Hurricane Katrina displaced thousands of people with addictions from their treatment programs and support networks, added strain on people who may have been walking the line between moderate use and addiction, and put millions at risk of turning to alcohol or other drugs to ease the pain of dislocation, financial ruin, and personal tragedy.
However, the post-storm response to the needs of individuals with addiction problems in states like Louisiana, Mississippi, and Arkansas has been a minor reflection of the larger picture: an outpouring of support from the private sector mixed with criticism of government efforts in a time of crisis.
Media reports in the storm's aftermath included accounts of desperate addicts cut off from their suppliers in New Orleans and treatment programs in Baton Rouge dealing with an influx of addicts in withdrawal. Some officials even laid blame for post-storm looting in New Orleans at the feet of purported addicts stealing to support their habit.
Samantha-Hope Atkins, founder and executive director of Louisiana's Hope Networks, a treatment and prevention advocacy program, calls the post-Katrina period "some of the most challenging times I've experienced in my own recovery."
Louisiana, which had just 32 detox beds and perhaps 400 inpatient treatment beds statewide prior to the storm, has lost "easily one-third of services statewide," said Atkins, including 20 detox beds at New Orleans' Charity Hospital alone.
"We've seen some relapse, especially with people in early recovery who have lost their support network, people who don't know if their spouse is alive or dead, and among methadone patients," she said. "There are so many complex needs, from giving someone a Big Book to connecting them to resources."
Atkins said that Louisiana's 12-step programs, which she said have always been strong because of the lack of government programs, have been working to distribute addiction-related materials in shelters. But she was critical of the public sector in the wake of the storm.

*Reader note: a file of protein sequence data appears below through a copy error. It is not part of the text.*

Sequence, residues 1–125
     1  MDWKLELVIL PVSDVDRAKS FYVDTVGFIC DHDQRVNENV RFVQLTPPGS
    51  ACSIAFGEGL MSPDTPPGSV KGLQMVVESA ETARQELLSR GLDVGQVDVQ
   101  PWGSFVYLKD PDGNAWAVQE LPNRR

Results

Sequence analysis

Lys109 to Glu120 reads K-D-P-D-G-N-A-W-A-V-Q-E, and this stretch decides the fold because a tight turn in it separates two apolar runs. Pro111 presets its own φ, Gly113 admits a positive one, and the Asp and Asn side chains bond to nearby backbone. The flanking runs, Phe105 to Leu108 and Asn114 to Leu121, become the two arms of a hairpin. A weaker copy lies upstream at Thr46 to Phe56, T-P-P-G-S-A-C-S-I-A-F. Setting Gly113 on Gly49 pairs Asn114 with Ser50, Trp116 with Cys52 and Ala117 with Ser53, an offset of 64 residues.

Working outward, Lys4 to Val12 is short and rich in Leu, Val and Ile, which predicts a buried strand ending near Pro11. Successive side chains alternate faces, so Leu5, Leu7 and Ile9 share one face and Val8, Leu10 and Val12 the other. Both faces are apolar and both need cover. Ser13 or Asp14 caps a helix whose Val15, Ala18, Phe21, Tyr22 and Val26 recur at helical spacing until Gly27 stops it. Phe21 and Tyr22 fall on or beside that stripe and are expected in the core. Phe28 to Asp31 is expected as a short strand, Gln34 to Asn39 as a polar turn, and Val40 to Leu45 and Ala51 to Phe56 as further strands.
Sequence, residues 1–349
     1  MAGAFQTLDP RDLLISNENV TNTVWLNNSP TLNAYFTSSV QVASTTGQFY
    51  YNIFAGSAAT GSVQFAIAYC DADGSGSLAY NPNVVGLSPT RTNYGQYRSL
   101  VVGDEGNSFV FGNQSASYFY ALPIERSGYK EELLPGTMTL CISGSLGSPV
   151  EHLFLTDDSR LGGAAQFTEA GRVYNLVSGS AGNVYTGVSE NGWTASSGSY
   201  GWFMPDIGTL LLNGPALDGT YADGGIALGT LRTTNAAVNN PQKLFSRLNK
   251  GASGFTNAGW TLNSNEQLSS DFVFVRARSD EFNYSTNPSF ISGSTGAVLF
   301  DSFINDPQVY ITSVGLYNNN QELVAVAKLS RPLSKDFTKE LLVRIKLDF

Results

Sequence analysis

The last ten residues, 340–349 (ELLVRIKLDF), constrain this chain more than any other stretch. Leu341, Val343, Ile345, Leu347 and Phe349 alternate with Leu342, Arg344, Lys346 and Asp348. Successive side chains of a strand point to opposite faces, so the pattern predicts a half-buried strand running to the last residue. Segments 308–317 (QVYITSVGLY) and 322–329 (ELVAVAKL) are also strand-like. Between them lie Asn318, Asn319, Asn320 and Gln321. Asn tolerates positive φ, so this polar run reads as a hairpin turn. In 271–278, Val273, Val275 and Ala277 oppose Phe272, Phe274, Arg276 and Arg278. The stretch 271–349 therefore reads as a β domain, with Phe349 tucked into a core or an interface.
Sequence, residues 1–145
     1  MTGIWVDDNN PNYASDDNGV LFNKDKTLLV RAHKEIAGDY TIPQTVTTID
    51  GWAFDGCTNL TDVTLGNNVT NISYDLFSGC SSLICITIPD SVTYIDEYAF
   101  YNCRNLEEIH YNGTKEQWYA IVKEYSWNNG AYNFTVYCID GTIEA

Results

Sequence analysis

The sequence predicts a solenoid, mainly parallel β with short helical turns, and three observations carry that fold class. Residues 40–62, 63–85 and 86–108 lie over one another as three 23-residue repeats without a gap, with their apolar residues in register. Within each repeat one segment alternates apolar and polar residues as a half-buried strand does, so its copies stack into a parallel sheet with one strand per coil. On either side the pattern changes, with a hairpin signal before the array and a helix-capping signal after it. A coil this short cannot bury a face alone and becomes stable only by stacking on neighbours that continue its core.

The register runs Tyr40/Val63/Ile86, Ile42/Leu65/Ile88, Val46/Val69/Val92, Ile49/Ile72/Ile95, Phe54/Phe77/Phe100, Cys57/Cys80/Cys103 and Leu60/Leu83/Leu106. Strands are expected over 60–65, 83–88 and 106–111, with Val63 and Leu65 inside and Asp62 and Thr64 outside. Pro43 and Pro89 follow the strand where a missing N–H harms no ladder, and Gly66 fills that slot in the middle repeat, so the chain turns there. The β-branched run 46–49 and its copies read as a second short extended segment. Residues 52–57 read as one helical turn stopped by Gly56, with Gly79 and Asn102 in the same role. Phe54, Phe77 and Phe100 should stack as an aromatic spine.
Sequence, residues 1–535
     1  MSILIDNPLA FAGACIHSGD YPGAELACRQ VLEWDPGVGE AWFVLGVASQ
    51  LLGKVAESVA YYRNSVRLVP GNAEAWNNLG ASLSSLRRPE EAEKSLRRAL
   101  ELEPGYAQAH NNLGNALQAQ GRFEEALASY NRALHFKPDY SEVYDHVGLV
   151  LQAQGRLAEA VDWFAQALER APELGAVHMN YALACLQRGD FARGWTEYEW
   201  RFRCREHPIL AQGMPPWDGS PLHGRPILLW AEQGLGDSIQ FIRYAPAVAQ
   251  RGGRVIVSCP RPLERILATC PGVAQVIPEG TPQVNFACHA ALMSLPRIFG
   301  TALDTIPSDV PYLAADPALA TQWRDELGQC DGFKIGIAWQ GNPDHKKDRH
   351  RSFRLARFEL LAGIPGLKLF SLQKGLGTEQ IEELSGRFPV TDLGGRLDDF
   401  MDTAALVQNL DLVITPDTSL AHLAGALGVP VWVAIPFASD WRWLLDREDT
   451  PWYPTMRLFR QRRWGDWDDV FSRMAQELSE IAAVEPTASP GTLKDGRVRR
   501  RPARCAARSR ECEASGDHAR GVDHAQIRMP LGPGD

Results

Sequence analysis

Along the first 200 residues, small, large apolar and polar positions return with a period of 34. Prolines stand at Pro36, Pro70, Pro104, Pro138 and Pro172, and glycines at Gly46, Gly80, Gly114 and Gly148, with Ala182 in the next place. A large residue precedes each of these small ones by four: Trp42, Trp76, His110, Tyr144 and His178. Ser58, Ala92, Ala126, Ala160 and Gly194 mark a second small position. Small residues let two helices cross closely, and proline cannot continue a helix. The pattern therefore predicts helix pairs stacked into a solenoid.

"There has been absolutely no response to the needs of people in addiction recovery," said Atkins, who pointed out that most of the federal money that has trickled into the region has been for mental health, not addiction -- and even some of that has been earmarked for first-responders, not victims of the storm.
"Our needs have been grossly neglected," said Atkins.
SAMHSA: States Set Priorities
On Sept. 13, the Substance Abuse and Mental Health Services Administration (SAMHSA) announced that it was sending $600,000 in emergency mental-health grants to the region affected by Katrina. Of that money, $200,000 was sent to Louisiana to provide mental-health counseling for police, firefighters, and other first-responders; Alabama and Mississippi received $150,000 and $100,000, respectively, for mental-health services, and Texas received $150,000 for methadone services for storm evacuees.
"Each jurisdiction was allowed to prioritize exactly what their need was," said H. Westley Clark, M.D., director of SAMHSA's Center for Substance Abuse Treatment (CSAT).
Clark said that SAMHSA Administrator Charles Curie and Department of Health and Human Services Secretary Mike Leavitt are committed to addressing both addiction and mental health needs post-Katrina. Clark said that SAMHSA officials have toured the region -- and in some cases, have stayed to help -- and that a needs assessment is currently underway. SAMHSA's Emergency Response Center has been given the task of coordinating staff response to Katrina and responding to requests for aid.
CSAT also has funded hotlines in Louisiana (1-877-664-2248 in state or 800-662-4357 out-of-state) for people with addictions, promising referrals to 12-step programs, treatment services, crisis-intervention teams, methadone maintenance, and other resources.
"An inventory [of lost capacity in the region] is still being conducted," said Clark. "People do not have access to services traditionally provided by facilities in New Orleans. We know Mississippi had shortages associated with substance-abuse issues."
Asked how much of the $50 billion in emergency relief approved by Congress would go towards addiction services, Clark replied, "The administration is very much aware of the issue. We have to work with local communities to prioritize how that's allocated."
Addiction Community Steps Up
Meanwhile, the addiction community has stepped up with offers of assistance ranging from volunteer counselors to treatment beds for hurricane victims. Two weeks after the storm hit, Atkins circulated an urgent "wish list" that included the need for medical detox facilities, treatment placement, transportation and case management, and public information and outreach.